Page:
Friday, Dec 19, 2014

Sewer, water connections at Deep Complex get MC nod

MC house meeting in progress on Thursday.(IE Phot: Jasbir Malhi) MC house meeting in progress on Thursday. (IE Phot: Jasbir Malhi)
By: Express News Service | Chandigarh | Posted: January 25, 2014 3:41 am | Updated: February 6, 2014 3:22 pm

The general house of the municipal corporation, on Thursday, gave its approval for providing connections for drinking water and sewerage to residents of Deep Complex at Hallomajra. The issue, which has been raging for several months, was passed after much deliberation on various aspects.

The agenda for providing water and sewerage connections in the area was approved in April 2013. Though the UT Administration had given clearance for laying of water pipelines, clearance for sewer lines was awaited. Owing to this, the agenda had been approved conditionally.

The past few months also saw a credit war ensuing between the Congress and BSP. Both parties claimed to have got the approval for the work.

The civic body had recently received a letter from the UT Administration, which was brought up for discussion in the general house meet. According to the letter, the UT Administrator had accorded approval for providing essential services such as drinking water and drainage for used water. It further stated that any alternative more suitable for the purpose shall be adopted by the Administration.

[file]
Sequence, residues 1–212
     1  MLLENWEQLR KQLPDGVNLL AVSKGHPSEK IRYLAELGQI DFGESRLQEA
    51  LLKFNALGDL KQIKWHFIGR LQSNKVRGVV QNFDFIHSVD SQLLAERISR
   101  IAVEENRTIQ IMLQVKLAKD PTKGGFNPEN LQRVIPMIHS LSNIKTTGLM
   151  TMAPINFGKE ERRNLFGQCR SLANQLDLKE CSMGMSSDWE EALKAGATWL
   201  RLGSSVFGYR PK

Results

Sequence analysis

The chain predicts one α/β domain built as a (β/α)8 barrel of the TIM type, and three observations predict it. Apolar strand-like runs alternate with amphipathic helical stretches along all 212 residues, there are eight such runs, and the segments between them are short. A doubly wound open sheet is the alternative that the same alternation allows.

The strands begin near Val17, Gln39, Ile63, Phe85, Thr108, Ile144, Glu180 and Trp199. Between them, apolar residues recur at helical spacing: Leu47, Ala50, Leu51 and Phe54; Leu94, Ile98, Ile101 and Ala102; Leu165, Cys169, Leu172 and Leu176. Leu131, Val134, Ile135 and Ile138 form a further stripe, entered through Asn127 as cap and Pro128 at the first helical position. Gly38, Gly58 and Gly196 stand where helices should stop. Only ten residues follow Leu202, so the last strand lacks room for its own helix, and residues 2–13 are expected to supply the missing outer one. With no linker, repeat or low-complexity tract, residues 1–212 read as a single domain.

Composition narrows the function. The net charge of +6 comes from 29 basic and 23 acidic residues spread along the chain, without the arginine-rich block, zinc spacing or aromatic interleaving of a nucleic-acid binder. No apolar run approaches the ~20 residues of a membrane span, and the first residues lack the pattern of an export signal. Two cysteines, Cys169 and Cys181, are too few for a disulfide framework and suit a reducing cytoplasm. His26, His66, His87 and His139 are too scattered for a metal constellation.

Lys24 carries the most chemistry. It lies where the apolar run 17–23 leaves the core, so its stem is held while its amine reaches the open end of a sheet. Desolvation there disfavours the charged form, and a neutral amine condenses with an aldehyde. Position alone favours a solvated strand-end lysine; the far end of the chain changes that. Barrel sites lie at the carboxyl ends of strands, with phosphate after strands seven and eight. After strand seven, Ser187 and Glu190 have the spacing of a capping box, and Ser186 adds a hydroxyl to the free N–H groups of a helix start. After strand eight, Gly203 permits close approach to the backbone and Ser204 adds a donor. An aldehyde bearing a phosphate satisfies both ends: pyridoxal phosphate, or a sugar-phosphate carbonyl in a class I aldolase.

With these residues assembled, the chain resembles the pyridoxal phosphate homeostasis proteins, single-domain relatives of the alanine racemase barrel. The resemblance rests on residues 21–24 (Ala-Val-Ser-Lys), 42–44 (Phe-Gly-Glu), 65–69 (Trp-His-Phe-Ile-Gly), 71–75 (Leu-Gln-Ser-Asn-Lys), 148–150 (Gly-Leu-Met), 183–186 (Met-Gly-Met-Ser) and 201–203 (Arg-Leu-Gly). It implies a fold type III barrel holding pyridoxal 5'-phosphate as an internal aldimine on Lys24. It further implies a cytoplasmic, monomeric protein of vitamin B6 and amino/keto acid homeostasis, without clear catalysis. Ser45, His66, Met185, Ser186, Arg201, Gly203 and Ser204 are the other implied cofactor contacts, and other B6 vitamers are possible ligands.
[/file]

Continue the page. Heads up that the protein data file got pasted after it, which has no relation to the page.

The letter further stated that the capital cost would be recovered by the municipal corporation by way of connection charges, which the MC shall fix.

One-third of the cost of the project would be borne by residents themselves.

Area councillor Jannat Jahan (BSP) said the cost could be recovered from the residents in installments and that once the connections were provided, the money could be collected as part of the bills.

The letter also stated that the services were being provided on a provisional basis and should not be construed as regularisation of the area.

According to Jannat, there was no other alternate in the area as the residents were already maintaining water supply through tankers. Pipelines would have to be laid for regular supply, she said.

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